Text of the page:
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South Korea’s KF-21 Boramae Refuels From KC-330 During Historic First AAR Test

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KF-21
The KF-21 during the refueling test with a KC-330 (Image credit: DAPA)

A prototype of the South Korea’s domestically developed KF-21 Boramae carried out the first aerial refueling test.

On Mar. 19, 2024, the fifth KF-21 prototype was refueled from a KC-330 multipurpose aerial refueling transport aircraft during the type’s first aerial refueling test.

“KF-21 prototype 5 took off from the runway of the 3rd Air Force Training Wing at 9:45 a.m. today and successfully performed an aerial refueling flight over the South Sea,” said the Defense Acquisition Program Administration (DAPA) in a public statement.

The possibility to refuel an aircraft mid-air is crucial to expand the operational range and on-station time of modern aircraft, especially those that don’t carry external fuel tanks to keep their LO (Low Observability).

The KF-21 aerial refueling test began on Mar. 8, when a preliminary inspection assessed the control characteristics of the flying boom of the tanker refueling and its compatibility with the KF-21’s receptacle. Then, on Mar. 19, a flight test was conducted over the South Sea by connecting the refueling boom of a ROKAF (Republic of Korea Air Force) KC-330 tanker to the KF-21 aerial refueling receptacle and transferring the fuel.

During the flight test, the DAPA focused on confirming and evaluating the impact of turbulence occurring behind the tanker and boom, the safe connection and separation from the tanker, and the aerial refueling function such as fuel transfer.

Another image of the KF-21’s first AAR test. (DAPA)

“The success of this aerial refueling flight test is significant in that it can expand the operational radius and operating time of the KF-21, contributing to securing the Air Force’s long-distance operational capabilities as well as strengthening its military power,” said Noh Ji-man, head of the Korea Fighter Program at the DAPA. “The KF-21 aerial refueling test will continue to verify aerial refueling capabilities at various altitudes and speeds through approximately 60 flight tests until March 2025,” he said.

KF-21 Boramae

The KF-21 Boramae, (Korean for “Hawk”), is considered a low-cost, less-stealthy alternative to the U.S. F-35. ROKAF expects to operate it by the 2030s to replace its fleet of ageing F-4E Phantom and F-5E/F Tiger II aircraft. Six prototypes, including two twin-seat aircraft, will support the testing campaign that is expected to last until 2026, when full scale production should begin with KF-21 Block I.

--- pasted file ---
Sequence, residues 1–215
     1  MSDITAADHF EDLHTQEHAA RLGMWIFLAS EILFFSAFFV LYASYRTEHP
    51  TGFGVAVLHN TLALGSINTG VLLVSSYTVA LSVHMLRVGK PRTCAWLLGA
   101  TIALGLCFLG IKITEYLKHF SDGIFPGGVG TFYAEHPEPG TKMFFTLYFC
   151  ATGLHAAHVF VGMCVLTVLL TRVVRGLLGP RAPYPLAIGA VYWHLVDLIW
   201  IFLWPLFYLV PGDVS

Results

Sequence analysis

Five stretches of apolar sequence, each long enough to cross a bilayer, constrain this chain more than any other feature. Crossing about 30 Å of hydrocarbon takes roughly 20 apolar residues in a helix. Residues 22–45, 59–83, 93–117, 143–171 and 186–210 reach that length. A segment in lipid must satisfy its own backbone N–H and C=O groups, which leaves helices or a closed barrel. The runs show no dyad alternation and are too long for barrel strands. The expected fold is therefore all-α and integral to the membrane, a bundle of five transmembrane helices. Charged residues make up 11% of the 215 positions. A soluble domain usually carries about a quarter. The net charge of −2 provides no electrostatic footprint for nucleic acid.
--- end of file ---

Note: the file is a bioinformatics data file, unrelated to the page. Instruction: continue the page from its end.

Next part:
South Korea and Indonesia agreed in 2014 to jointly develop the next generation fighter in a project worth 7.5 trillion won (6.3B US), with Indonesia committed to paying 20% of the total development cost. South Korea is planning to deploy 40 KF-21s by 2028 and a total of 120 by 2032 while 50 should be deployed by Indonesia. For this reason, the prototypes sport the Indonesian flag along with the Korean one during the first flight in 2022.

KF-21
A screenshot from the ROKAF video of the KF-21 during its maiden flight.

The KF-21 is strikingly similar to other 5th generation designs (although it is considered a 4.5 gen. aircraft): in particular, the South Korean jet shares much resemblance with the F-22 Raptor including the similar canted twin tails, general nose section and inlet shaping. The “Boramae” also features a conformal gun above the left air intake, as the F-35A. About 65% of the technology used on the KF-21 is of South Korean origin, including the active electronically scanned array (AESA) radar which is currently being tested aboard a modified Boeing 737-500.

The AAR is just one of the milestones in the development of the KF-21: DAPA plans to thoroughly check that actual fuel is transferred from the tanker to the Boramae in various flight areas in the future. Follow-up flight testing will continue until the first half of 2026.

David Cenciotti is a journalist based in Rome, Italy. He is the Founder and Editor of “The Aviationist”, one of the world’s most famous and read military aviation blogs. Since 1996, he has written for major worldwide magazines, including Air Forces Monthly, Combat Aircraft, and many others, covering aviation, defense, war, industry, intelligence, crime and cyberwar. He has reported from the U.S., Europe, Australia and Syria, and flown several combat planes with different air forces. He is a former 2nd Lt. of the Italian Air Force, a private pilot and a graduate in Computer Engineering. He has written five books and contributed to many more ones.





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